Mental skills coach can help Scotland ‘in the big moments’ as coach quizzed on Finn Russell recall

Scotland discovered in Argentina that the margins between victory and defeat are wafer thin so will hope the addition of a “mental skills coach” will give them the edge as they prepare to embark on a momentous 12 months of rugby.

Aaron Walsh will work with Scotland as mental skills coach. (Photo by Greg Bowker/Getty Images)
Aaron Walsh will work with Scotland as mental skills coach. (Photo by Greg Bowker/Getty Images)

Aaron Walsh will fly in on Friday and be involved in preparations for the Australia game at Murrayfield the following day and the remainder of the Autumn Nations Series. He will return for the Six Nations early next year and, all being well, will be part of the group which goes to the Rugby World Cup next autumn.

Walsh is currently employed by the Super Rugby side the Chiefs in New Zealand but has also worked with sportspeople in baseball, rugby league, hockey, cricket and football. Steve Tandy, the Scotland defence coach, believes he could be a key addition. “The game is evolving. There’s a lot of mental skills involved in big Test matches,” said Tandy.

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This weekend’s match against the touring Wallabies is Scotland’s first outing since the agonising end to their summer tour. Gregor Townsend’s side let slip a 15-point lead in the deciding third Test against Argentina and lost the game 34-31 when Pumas wing Emiliano Boffelli scored a try from the final play of the game. “I think if he can help the guys in big moments and help them perform better, that could add value to us,” Tandy said of Walsh.

Cameron Redpath, centre, took part in the Scotland session at Oriam. (Photo by Ross Parker / SNS Group)

Scotland have held the whip hand over Australia in recent years and on Saturday they will bid to beat the Wallabies for an unprecedented fourth time in a row. The degree of difficulty increases this time around as they will have to do it with a squad composed entirely of players from Edinburgh and Glasgow. By opting to play a match outside the designated international window Scotland will have no access to their English-based players but Tandy believes that can serve as motivation to the home-based crew.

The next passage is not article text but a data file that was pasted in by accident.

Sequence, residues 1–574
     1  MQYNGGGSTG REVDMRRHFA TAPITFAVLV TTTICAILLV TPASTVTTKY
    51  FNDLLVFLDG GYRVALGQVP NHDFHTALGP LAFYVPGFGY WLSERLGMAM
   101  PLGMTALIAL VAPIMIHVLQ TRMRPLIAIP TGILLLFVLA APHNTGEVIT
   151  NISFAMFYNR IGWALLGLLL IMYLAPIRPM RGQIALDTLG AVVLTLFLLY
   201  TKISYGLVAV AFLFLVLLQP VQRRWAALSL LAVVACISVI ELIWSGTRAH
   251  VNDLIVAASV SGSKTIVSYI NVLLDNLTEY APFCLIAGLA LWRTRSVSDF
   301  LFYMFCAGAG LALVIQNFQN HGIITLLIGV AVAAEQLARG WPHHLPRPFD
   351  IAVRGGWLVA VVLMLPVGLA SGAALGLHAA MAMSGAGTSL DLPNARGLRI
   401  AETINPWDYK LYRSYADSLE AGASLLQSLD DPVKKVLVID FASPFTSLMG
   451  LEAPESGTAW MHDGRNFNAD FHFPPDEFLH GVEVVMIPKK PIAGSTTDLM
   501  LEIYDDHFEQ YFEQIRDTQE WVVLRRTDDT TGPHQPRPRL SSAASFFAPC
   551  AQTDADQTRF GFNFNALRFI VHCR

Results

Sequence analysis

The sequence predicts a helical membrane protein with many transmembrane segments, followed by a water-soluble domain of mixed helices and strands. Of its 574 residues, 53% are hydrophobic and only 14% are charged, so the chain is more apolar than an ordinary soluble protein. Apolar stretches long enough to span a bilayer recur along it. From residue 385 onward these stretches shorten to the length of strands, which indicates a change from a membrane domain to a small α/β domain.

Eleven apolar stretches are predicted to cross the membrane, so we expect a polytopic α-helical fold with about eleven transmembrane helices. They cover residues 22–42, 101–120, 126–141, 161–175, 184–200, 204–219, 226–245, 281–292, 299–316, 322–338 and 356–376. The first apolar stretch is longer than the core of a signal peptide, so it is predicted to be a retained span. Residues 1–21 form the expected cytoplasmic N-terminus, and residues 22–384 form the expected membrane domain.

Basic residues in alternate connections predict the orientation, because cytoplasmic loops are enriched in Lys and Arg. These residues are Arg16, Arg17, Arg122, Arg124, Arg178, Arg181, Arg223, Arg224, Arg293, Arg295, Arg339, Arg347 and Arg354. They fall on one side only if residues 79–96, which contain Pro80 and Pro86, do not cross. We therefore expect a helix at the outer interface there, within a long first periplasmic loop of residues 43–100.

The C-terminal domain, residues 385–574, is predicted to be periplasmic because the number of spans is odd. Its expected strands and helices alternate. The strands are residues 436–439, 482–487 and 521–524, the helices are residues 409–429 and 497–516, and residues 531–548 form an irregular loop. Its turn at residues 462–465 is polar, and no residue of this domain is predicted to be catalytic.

“It’s an amazing opportunity for the guys,” said the coach. “The home-based guys have an exciting opportunity to go up against a nation like Australia. They’ll be playing in front of a sell-out at BT Murrayfield. That’s inspiring in itself. They’re looking forward to putting a performance in.”

Inevitably, the subject of Finn Russell’s absence was raised. The stand-off was left out of the autumn squad by Townsend who called on the Racing 92 stand-off to show “form and consistency”. Russell answered the first part at least on Saturday when he had a hand in three tries and kicked 18 points as Racing defeated Montpellier, the French champions. Tandy didn’t see the match but said “never say never” when asked about the possibility of a recall for Russell.

“I haven’t pulled up the game from the weekend,” said Tandy. “I’ve just obviously been looking at the boys who were coming in for this week and the 10s that were here. Gregor has been on top of the performances. I think we are always watching as coaches, particularly in the attacking end of the game. So, we would never say never, but first and foremost we’ve got to really concentrate on the boys who are in and what they are going to bring over the autumn period.”

Steve Tandy during a Scotland training session on Tuesday. (Photo by Ross Parker / SNS Group)



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